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Skeletal anatomy of the extinct shark Paraorthacodus jurensis (Chondrichthyes; Palaeospinacidae), with comments on synechodontiform and palaeospinacid monophyly
Klug, S.; Kriwet, J.; Böttcher, R.; Schweigert, G.; Dietl, G. (2009). Skeletal anatomy of the extinct shark Paraorthacodus jurensis (Chondrichthyes; Palaeospinacidae), with comments on synechodontiform and palaeospinacid monophyly. Zool. J. Linn. Soc. 157(1): 107-134. dx.doi.org/10.1111/j.1096-3642.2009.00534.x
In: Zoological Journal of the Linnean Society. Academic Press: London. ISSN 0024-4082, more
Peer reviewed article

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Keyword
    Marine

Authors  Top 
  • Klug, S.
  • Kriwet, J.
  • Böttcher, R.
  • Schweigert, G.
  • Dietl, G.

Abstract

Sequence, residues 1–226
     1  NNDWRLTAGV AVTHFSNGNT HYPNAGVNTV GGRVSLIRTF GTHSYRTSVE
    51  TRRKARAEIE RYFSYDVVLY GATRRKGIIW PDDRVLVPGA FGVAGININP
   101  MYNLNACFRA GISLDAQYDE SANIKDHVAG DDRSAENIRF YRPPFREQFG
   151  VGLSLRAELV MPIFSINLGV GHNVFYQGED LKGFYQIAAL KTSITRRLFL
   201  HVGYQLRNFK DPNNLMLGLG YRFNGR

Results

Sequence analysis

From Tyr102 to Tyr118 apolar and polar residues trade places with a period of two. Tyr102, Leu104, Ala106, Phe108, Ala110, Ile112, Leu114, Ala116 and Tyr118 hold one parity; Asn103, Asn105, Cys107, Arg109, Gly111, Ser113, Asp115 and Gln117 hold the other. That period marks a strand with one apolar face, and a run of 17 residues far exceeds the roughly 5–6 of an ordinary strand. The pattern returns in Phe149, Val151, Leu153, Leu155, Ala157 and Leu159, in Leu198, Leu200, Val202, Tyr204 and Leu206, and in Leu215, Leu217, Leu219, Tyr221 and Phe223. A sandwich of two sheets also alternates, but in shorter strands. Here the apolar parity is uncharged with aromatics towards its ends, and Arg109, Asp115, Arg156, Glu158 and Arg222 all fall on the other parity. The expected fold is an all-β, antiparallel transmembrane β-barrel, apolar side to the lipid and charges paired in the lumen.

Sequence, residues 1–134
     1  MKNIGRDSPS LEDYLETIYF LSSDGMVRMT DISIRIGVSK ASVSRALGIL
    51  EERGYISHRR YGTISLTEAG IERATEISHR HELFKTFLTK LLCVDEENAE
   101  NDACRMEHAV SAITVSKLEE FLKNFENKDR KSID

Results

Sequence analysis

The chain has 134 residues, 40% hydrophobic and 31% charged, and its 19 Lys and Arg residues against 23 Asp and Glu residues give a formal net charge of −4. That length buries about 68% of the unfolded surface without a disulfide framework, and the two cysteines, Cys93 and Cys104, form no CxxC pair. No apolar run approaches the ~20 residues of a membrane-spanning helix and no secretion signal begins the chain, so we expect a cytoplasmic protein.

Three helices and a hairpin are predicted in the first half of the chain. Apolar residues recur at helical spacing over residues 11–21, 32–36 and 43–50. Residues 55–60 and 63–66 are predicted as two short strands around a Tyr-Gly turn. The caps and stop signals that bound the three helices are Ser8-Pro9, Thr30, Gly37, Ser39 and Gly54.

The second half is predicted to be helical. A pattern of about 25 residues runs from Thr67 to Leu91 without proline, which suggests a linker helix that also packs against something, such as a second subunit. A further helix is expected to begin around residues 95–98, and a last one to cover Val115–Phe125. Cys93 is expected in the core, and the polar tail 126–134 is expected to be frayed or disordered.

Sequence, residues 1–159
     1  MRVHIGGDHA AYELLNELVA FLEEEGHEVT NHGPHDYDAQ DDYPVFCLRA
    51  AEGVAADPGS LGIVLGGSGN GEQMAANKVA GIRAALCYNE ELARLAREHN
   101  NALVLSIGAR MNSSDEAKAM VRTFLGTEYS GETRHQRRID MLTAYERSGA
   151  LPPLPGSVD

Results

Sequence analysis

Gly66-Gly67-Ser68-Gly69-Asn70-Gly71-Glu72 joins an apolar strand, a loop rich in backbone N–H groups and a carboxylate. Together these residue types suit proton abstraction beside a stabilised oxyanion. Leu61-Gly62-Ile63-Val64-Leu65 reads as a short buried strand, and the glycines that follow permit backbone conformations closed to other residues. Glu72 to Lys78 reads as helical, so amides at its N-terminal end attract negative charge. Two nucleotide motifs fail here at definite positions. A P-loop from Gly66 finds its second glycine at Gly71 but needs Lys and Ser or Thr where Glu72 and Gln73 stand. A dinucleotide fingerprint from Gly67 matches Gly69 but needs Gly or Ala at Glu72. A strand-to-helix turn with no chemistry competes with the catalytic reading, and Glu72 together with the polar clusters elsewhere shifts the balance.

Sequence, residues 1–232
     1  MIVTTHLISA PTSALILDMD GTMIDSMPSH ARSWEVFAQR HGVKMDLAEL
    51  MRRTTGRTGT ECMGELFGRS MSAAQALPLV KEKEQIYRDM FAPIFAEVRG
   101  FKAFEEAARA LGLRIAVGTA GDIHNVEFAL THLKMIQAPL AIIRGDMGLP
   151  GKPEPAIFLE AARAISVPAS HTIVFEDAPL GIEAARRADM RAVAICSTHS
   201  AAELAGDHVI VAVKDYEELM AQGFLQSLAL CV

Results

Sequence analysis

The skeletal morphology of Paraorthacodus jurensis, a Late Jurassic neoselachian from Nusplingen, is described based on the incomplete holotype and a newly discovered almost complete specimen. For the first time, the postcranial skeleton could be investigated. Paraorthacodus is characterized by a monognath dental heterodonty and tearing-type dentition. The number of lateral cusplets in the lateral teeth differs between the holotype and the new specimen, possibly indicating sexual dimorphism. Clasper organs are not preserved in either of the two specimens. The notochord is sheathed by about 123 well-calcified vertebral centra. The posterior-most caudal vertebrae are lacking. The transition from monospondylous thoracic to diplospondylous abdominal vertebrae occurs at centra 48 and 49. The origin of the caudal fin is at the 80th centrum. Most conspicuous is the presence of a single spineless dorsal fin. In this respect, Paraorthacodus differs from most palaeospinacids, but resembles Macrourogaleus. Palidiplospinax possibly is sister to a group comprising Synechodus, Paraorthacodus, and Macrourogaleus (the Palaeospinacidae). A reinterpretation of dental and skeletal characters of synechodontiform taxa indicates that Synechodontiformes and Palaeospinacidae are monophyletic groupings of basal neoselachians. Synechodontiformes is probably sister to all living elasmobranchs.

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